Nobody knows when it will be fixed. Or exactly what went wrong. But here’s what some interested people, some smart people, some angry people, and some official people have to say (and you can sort out which ones are which.)
Excerpts of one of several discussions on E-Democracy:
Sheldon Mains: As a former professional engineer (while not structural engineer–did take a couple classes in it years ago): I’m guessing there are three potential places were something went wrong:
Design–either the cables or the brackets holding the cables. No structural engineer would purposely design something that could break in five years–even without any maintenance.
Fabrication–the companies that supplied the cables or the brackets holding the cables. The design could have been fine but the supplier didn’t follow the specifications (this could include poor weather-proofing, the wrong strength cable strands, the wrong steel strength, the wrong wrap tension……)
Installation–the companies the put the bridge together. The did something wrong, nicked the cables, set the wrong tension, put something on at the wrong angle, used concrete for the bridge deck that was too heavy……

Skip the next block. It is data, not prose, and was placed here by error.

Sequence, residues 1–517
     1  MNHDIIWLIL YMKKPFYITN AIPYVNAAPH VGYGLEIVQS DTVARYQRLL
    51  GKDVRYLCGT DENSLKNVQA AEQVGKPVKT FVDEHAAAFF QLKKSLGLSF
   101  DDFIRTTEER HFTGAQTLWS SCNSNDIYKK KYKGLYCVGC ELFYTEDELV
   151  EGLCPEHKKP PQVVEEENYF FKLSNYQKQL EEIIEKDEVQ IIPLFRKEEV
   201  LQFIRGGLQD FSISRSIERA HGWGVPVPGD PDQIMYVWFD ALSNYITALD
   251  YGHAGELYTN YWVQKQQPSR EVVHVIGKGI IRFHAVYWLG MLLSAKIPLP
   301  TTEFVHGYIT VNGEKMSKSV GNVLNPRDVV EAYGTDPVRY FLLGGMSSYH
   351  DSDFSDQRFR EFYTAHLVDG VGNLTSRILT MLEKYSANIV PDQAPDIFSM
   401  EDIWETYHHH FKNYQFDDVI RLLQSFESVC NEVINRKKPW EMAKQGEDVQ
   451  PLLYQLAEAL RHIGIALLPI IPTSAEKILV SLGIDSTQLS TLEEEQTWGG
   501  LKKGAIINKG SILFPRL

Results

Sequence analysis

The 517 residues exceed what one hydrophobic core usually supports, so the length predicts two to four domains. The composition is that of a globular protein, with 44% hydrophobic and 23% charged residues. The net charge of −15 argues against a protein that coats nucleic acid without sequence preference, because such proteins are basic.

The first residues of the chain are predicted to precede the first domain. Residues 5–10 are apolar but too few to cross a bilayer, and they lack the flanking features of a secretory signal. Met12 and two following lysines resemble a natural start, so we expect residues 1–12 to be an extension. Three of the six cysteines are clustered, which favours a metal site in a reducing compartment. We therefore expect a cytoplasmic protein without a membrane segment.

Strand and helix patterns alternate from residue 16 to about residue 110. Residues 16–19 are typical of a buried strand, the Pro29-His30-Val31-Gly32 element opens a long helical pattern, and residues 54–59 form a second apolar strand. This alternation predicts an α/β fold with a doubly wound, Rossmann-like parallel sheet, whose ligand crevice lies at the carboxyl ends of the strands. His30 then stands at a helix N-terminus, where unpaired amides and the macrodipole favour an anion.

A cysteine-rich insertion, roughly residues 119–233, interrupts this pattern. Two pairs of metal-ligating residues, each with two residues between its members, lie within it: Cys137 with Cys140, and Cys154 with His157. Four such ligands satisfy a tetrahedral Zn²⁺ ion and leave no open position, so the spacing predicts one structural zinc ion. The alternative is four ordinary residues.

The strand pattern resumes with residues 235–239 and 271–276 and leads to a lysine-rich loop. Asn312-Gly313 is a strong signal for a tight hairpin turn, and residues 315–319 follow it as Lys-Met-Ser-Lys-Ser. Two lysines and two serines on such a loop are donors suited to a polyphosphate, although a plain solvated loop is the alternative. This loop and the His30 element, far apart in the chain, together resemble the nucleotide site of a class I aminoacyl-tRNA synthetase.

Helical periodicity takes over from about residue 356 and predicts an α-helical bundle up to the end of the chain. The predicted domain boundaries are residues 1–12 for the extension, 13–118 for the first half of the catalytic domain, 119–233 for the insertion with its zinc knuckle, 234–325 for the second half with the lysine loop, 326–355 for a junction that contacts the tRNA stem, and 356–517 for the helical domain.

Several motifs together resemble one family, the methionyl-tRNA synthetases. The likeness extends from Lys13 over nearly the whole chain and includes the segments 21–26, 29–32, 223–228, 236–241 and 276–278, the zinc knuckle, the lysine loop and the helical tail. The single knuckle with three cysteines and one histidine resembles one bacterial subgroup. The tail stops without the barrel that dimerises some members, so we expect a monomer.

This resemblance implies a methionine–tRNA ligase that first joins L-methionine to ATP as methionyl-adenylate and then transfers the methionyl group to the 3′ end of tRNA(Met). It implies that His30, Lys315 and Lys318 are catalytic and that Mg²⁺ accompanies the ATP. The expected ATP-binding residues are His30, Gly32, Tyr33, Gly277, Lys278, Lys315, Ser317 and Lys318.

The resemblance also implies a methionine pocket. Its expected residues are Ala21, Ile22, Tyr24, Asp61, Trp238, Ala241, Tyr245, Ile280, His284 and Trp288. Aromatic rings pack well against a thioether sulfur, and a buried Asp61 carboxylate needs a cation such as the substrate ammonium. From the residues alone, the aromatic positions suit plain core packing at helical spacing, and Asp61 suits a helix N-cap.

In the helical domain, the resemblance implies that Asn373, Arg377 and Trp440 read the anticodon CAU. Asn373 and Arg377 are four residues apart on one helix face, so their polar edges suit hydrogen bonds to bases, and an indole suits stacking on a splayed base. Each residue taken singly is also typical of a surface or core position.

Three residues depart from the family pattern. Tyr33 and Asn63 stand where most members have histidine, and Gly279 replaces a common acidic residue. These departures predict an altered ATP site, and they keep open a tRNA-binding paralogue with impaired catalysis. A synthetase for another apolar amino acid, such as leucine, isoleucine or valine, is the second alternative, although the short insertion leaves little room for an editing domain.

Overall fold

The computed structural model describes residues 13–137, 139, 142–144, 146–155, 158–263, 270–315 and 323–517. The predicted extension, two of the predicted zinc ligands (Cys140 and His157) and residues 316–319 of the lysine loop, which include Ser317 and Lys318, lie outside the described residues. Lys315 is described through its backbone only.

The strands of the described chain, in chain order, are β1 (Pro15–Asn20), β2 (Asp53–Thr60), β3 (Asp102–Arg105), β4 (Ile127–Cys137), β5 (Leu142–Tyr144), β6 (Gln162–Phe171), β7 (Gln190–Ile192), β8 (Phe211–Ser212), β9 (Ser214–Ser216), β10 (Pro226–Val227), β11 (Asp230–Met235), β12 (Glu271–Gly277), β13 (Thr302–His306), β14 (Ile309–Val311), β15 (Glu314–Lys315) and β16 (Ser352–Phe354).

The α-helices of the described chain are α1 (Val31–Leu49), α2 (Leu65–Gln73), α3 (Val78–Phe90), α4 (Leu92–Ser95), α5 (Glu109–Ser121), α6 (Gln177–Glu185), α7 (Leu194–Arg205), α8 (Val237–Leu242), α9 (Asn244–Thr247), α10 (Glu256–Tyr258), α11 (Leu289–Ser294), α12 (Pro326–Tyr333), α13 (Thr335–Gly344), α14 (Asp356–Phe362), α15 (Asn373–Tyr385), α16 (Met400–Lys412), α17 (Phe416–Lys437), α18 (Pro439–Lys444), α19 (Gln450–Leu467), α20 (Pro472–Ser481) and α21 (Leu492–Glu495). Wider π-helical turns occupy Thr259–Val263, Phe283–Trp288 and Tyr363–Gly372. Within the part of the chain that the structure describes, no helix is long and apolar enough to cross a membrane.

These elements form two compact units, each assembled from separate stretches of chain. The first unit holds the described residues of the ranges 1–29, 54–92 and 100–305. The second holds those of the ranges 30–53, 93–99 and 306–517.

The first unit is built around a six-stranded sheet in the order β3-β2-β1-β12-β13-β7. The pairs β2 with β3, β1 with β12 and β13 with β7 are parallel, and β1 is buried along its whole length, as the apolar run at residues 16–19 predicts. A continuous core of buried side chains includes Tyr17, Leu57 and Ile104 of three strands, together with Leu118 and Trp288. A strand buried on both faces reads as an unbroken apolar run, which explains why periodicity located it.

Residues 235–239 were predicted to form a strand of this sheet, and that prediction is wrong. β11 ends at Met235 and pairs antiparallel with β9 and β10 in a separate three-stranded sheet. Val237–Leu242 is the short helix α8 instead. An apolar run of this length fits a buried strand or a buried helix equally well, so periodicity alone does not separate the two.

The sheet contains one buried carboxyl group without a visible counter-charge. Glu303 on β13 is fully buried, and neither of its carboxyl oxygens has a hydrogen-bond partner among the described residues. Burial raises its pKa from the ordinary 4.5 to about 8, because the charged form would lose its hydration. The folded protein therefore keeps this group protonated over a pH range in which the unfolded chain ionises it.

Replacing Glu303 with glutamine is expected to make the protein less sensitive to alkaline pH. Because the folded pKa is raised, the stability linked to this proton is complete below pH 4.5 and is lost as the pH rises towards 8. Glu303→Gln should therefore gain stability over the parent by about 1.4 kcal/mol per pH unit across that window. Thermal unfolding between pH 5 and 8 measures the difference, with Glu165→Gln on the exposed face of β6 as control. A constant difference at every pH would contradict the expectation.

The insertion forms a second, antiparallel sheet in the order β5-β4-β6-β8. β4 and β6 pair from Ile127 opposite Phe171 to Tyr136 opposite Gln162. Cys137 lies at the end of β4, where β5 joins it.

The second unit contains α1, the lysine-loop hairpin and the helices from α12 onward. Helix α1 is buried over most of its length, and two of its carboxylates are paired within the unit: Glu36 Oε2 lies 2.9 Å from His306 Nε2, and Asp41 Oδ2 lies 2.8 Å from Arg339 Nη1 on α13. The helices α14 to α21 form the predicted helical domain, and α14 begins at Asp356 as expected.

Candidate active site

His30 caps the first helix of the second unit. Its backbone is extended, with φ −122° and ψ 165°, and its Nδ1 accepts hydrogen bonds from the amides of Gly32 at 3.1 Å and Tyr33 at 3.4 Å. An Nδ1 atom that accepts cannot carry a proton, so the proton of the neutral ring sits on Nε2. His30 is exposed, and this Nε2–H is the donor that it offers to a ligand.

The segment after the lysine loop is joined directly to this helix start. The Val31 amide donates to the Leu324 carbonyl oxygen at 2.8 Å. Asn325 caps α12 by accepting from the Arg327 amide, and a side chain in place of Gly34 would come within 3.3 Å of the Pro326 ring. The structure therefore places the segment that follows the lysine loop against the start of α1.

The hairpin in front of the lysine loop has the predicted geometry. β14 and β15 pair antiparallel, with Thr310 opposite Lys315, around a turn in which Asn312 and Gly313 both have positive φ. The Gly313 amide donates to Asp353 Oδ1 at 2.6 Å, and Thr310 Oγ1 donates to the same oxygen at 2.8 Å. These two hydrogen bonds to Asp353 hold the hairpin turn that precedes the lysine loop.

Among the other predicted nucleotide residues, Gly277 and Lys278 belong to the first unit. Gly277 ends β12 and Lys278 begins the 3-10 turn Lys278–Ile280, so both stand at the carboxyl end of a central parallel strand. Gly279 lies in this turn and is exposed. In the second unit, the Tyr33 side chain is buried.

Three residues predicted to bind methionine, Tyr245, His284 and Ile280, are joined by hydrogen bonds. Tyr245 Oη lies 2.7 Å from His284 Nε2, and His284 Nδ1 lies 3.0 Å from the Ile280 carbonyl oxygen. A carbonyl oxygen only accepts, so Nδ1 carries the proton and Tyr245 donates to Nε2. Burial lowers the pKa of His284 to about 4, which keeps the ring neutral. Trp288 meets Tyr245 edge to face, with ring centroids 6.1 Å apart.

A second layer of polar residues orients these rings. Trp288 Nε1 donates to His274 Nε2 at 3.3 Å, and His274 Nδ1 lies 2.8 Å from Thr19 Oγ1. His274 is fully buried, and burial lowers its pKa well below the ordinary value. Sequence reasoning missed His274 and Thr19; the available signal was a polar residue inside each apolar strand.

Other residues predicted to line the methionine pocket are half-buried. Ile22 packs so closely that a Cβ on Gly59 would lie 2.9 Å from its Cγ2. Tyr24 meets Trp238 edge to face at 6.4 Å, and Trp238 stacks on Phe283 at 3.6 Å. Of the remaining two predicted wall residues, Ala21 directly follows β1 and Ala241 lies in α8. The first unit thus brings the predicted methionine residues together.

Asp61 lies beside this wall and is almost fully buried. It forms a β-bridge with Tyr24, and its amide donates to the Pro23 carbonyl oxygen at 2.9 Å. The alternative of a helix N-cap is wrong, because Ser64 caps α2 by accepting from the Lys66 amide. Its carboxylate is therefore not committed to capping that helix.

Peter Tharaldson: I am not an engineer but I am a stats guy who works in probabilities (and I have done some risk analysis in the past). There is no way the civil engineering fields could accept any math that allows for what happened today: If the cables simply broke after four years it would have to be a design flaw.
If they broke because they did not have enough maintenance in the first four years it would have to be a design flaw. If they broke because of damage to the bridge in anyway within the first four years it would have to be a design flaw.
I believe that risk analysis in the building industry is like it is in other’s….it must take into account different scenarios. Unless a small meteoroid fell out of the sky and struck the cable it would probably have to be a design flaw this early in its life. I think any engineer or designer that says otherwise probably isn’t thinking clearly.
Jim Graham: The wasted dollars could have created a huge amount of usable bike infrastructure if spent wisely. A true progressive liberal must be a fiscal conservative and NOT waste money. We know that if you waste dollars foolishly on fluff they are not there when REAL people have REAL needs. There are just so many of those dollars available and there are certainly those real needs. When I look at that bridge I just cringe thinking it is a monument to one of my favorite politicians of all time. Especially since only a few blocks away there are homeless poor people. Families without proper housing. People without jobs. Martin’s body of work would have been honored more by spending the money more wisely.